Worldwide, the number of women with HIV is on the rise, especially among vulnerable populations such as adolescent girls, postmenopausal women, and women who experience sexual violence. Yet not much is known about the risk factors affecting these populations.  Ghosh’s research aims to look at immunological factors that might affect a woman’s chances of getting HIV. In addition, Ghosh says sexual violence against women also affects older women but often goes unreported. Her research will try to find out if injuries to older women that result from sexual trauma can increase the risk of contracting HIV.


In addition, her studies may lead to an understanding of not just of factors that can increase a woman’s risk but also interventions that might help prevent transmission of the HIV virus. Such research has the potential to help women all over the world.


Jeanne A. Jordan, PhD, Professor of Epidemiology and Biostatistics

In laboratory space overlooking Foggy Bottom, Jeanne Jordan can be found hard at work to develop faster methods to diagnose bloodstream infections, which are the seventh and eleventh leading cause of all U.S. deaths for infants and adults. Currently, blood culturing is the the gold standard for diagnosing bloodstream infections, a method that takes several days. The delay in the diagnosis can be fatal because doctors have only a small window of time in which to prescribe the most effective antibiotic for these serious infections.

Jordan’s work focuses on the use of a sophisticated genetic technique called polymerase chain reaction (PCR), one that might be able to correctly identify the organism in the blood causing the infection—and shave time off the diagnosis.

Jordan, who came to Milken Institute SPH from the Department of Pathology at the University of Pittsburgh, says a faster test might mean the difference between life and death. Other studies have shown that every hour of delay in administering antibiotics to severely ill patients can result in an increased risk of dying from these serious infections.

In addition to her work on bloodstream infections, Jordan and her colleagues are also using a method known as Next Generation Sequencing in a study that might help public health officials better understand the HIV epidemic in the District of Columbia. Washington, DC is one of the areas in the United States that has been hardest hit by HIV. Her work aims to find the pathways by which the virus continues to be transmitted--knowledge that could help with the public health goal of getting to zero.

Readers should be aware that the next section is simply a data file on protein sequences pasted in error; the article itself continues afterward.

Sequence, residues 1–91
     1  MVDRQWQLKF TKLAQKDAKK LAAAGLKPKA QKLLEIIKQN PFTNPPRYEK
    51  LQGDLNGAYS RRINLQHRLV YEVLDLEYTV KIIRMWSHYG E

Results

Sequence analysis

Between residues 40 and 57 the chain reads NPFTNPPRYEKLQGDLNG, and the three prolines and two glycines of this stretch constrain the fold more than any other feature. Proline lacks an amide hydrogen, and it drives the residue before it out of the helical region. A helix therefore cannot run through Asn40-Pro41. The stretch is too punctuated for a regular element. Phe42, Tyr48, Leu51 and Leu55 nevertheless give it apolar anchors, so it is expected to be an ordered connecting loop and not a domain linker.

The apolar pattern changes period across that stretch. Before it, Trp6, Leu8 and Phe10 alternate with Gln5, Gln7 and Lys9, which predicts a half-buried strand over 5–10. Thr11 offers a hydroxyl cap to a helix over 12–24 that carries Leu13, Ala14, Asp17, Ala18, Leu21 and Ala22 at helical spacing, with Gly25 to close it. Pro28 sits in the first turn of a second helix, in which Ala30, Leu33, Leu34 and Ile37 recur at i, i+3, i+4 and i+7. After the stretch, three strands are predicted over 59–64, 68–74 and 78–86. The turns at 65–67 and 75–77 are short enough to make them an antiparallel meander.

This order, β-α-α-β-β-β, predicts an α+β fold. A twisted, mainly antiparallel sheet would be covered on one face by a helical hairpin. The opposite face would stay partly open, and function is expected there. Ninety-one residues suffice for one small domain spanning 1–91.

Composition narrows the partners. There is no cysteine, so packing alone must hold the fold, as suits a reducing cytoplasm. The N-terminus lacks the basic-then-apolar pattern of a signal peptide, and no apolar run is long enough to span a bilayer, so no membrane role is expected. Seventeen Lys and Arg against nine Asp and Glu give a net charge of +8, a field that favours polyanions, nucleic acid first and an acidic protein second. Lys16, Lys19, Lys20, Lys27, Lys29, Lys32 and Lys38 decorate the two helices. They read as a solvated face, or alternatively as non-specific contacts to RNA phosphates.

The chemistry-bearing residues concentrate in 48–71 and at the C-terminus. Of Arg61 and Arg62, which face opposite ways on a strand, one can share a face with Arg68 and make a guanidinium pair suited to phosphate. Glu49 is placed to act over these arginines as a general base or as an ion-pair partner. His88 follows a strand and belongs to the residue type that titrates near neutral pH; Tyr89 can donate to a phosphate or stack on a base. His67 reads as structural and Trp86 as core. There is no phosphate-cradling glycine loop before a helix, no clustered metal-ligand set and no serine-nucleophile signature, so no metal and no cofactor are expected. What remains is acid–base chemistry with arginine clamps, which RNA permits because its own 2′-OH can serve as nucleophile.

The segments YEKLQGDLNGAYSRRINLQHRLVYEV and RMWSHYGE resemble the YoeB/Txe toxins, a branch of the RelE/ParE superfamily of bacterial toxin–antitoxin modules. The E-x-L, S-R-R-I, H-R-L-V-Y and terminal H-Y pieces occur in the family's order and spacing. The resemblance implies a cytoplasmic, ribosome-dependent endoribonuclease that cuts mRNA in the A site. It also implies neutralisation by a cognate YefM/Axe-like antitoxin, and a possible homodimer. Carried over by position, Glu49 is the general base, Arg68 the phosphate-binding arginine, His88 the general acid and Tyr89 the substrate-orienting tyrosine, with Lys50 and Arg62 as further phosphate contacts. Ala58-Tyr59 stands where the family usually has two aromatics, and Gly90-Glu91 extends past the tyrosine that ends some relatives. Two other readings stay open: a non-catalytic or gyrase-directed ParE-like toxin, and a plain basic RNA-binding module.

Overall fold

Jordan is also working on HIV eradication in another part of the world: Africa, where AIDS is still one of the top causes of death. To that end, she serves as a consultant to the Elizabeth Glaser Pediatric AIDS Foundation (EGPAF) and has been charged with training and implementing HIV viral load testing in African clinics.

Keith Crandall, PhD, Director, Computational Biology Institute

In 2016, Keith Crandall, Director of the Computational Biology Institute, and his staff expanded from the GW Virginia Science and Technology campus to the seventh floor of the SEH building. In their new home, Crandall and his team plan to continue their cutting-edge research in which they analyze huge volumes of data generated in genetics and genomics, including gene mapping and DNA sequencing.  Crandall will also develop a Genomics sequencing core for the SPH in the new state-of-the-art lab in the SEH.

Crandall and the CBI joined the Milken Institute SPH under the Office of the Dean and they’ve already jumped into cross-disciplinary collaborations with many faculty members that will help find answers to basic questions about medicine, biology, public health other fields. Their work will advance the state of scientific knowledge and might lead to better treatments or ways to prevent infectious diseases.

CBI’s landmark work involves the application of data-analysis approaches to biological systems through software development. Crandall and the CBI researchers have already pioneered ways to analyze genome data, trace disease outbreaks, study the evolution of drug resistance and diagnose the root cause of illnesses faster and more effectively.

CBI and its staff blend their skills with the expertise of engineers, mathematicians, statisticians, clinicians and faculty members at Milken Institute SPH to work collaboratively on problems that range from the HIV epidemic in Washington, DC to the impact of the gulf oil spill on biodiversity in the Gulf of Mexico.

Crandall, who came to GW in 2012 from the Brigham Young University, says he values the SEH building’s capacity to foster collaborations and interdisciplinary research with teams of scientists working to hunt down the spread of old diseases, such as HIV and new or emerging ones.

“Using the fields of computational biology, basic epidemiology and other areas we will soon be able to make informed, targeted interventions in neighborhoods where a disease like HIV is spreading,” say Crandall. “Computational biology has the potential to prevent outbreaks in real time and thus has the capacity to save countless lives.”